Léonard Gaultier (aka Léonard Gautier) (c1561–c1635)
“The Prophet Malachi” (Le Prophete Jeremie), c1622/49, from the series of 17 engravings, “The Prophets”, published by Jean Messager (c1572–1649).
Engraving on fine laid paper with printed text verso trimmed with thread margins, backed and re-margined with a support sheet.
Size: (support sheet) 31.1 x 29.3 cm; (sheet) 12.9 x 12.9 cm; (plate) 12.6 x 12.7cm;
(image borderline) 12.3 x 12.3 cm
Lettered on banderole at upper left: “LE PROPHETE MALACHIE”
Indexed with letters from “A” to “D”
Inscribed: (lower left) “I. Messager excudit.”; (lower right) “L. Gaultier incidit.”
Condition: crisp impression with thread margins and printed text verso (as published) laid onto a support sheet of archival (millennium quality) washi paper to re-margin the print. The sheet is in excellent condition for its age, but there is a printer’s mark on the hand of Jehovah at upper right and a dot on the prophet's forehead.
I am selling this stunningly beautiful engraving with stylistic links to the work of the Wierix brothers for AU$173 (currently US$132.48/EUR112.96/GBP99 at the time of posting this listing) including postage and handling to anywhere in the world (but not, of course, any import duties/taxes imposed by some countries).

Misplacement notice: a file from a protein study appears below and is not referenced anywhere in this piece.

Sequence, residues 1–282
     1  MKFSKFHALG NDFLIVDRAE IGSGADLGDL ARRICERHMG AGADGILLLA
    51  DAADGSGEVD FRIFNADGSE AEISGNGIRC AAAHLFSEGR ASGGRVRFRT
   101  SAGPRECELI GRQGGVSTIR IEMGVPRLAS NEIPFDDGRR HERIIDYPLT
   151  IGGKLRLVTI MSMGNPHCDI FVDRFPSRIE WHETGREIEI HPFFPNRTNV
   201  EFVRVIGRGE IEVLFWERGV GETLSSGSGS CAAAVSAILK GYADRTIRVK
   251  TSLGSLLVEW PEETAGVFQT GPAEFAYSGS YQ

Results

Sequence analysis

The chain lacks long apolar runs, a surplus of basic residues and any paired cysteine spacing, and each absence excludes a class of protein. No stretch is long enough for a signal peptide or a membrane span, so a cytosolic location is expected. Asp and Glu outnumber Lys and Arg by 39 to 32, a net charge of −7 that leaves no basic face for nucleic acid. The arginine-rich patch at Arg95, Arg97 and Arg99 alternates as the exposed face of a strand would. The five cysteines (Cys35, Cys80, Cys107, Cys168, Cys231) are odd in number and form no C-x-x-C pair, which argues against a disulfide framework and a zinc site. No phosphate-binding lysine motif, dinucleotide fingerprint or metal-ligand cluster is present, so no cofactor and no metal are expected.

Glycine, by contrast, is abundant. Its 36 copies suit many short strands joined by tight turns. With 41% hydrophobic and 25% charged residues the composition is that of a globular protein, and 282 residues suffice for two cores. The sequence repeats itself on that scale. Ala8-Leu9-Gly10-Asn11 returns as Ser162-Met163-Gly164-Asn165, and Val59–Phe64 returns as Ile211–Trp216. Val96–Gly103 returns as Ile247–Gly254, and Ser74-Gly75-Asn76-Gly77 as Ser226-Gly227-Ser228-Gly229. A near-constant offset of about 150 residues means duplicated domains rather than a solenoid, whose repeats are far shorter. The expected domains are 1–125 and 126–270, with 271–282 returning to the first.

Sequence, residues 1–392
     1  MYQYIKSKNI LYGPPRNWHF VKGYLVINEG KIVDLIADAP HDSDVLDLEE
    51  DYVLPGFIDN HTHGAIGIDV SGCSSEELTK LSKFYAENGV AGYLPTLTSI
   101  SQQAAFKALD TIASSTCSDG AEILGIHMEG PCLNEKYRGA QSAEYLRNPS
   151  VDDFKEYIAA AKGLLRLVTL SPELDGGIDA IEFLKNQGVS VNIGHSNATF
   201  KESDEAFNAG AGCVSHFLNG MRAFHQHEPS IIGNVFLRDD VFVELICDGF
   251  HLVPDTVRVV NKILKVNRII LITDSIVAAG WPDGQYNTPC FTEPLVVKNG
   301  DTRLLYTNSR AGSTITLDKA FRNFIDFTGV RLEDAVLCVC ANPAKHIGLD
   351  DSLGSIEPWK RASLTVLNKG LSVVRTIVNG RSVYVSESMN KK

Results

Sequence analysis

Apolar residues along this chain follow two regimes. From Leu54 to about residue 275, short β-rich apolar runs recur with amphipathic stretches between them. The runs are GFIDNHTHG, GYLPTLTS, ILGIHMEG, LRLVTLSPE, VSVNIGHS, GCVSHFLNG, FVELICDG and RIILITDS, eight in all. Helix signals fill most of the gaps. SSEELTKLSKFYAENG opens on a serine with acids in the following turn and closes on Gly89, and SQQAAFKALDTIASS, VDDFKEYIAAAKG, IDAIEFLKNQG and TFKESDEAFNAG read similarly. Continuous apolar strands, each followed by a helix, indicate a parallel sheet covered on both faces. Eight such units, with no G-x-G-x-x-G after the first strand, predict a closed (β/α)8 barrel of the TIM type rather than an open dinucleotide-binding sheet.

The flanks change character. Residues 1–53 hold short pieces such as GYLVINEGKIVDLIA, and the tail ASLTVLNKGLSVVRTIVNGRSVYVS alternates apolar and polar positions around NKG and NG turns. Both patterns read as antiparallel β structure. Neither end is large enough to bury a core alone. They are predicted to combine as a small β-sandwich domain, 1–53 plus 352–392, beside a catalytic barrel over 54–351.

If you are interested in purchasing this magnificent engraving in superb condition, please contact me (oz_jim@printsandprinciples) and I will send you a PayPal invoice to make the payment easy.
From what I have been able to piece together about the prophet Malachi, he is something of an enigmatic figure for theologians. Even his name is a puzzle, as the name ascribed to him, “Malachi”, is unlikely to be his “real” name, but rather his role as a prophet: “Messenger of YHWH" (aka Jehovah or Yahweh —the name revealed to Moses as four Hebrew consonants “YHWH”). Despite the gate-keepers of history having managed to shroud this prophet in mystery, Malachi is famous for having written “The Book of Malachi” that I am told is the last book of the Neviim (i.e. the Prophets) section in the Hebrew Bible.
From my reading of this illustration—and I should point out at this point that my cook would say “Heaven’s forbid” to even the thought that I would try—the scene is the last judgement. The earth, shown as a globe on the left, is consumed in fire while the prophet, Malachie, shown in the foreground, gestures with one hand renouncing earthly evil as his other hand expresses an attentive gesture to the judgement of Jehovah shown settled adjudicating on a rainbow(?) with his feet resting on the earth. For those that love symbolism, note the broken and regrowing plants in the right foreground no doubt signifying the regenerative cycle of life and death.
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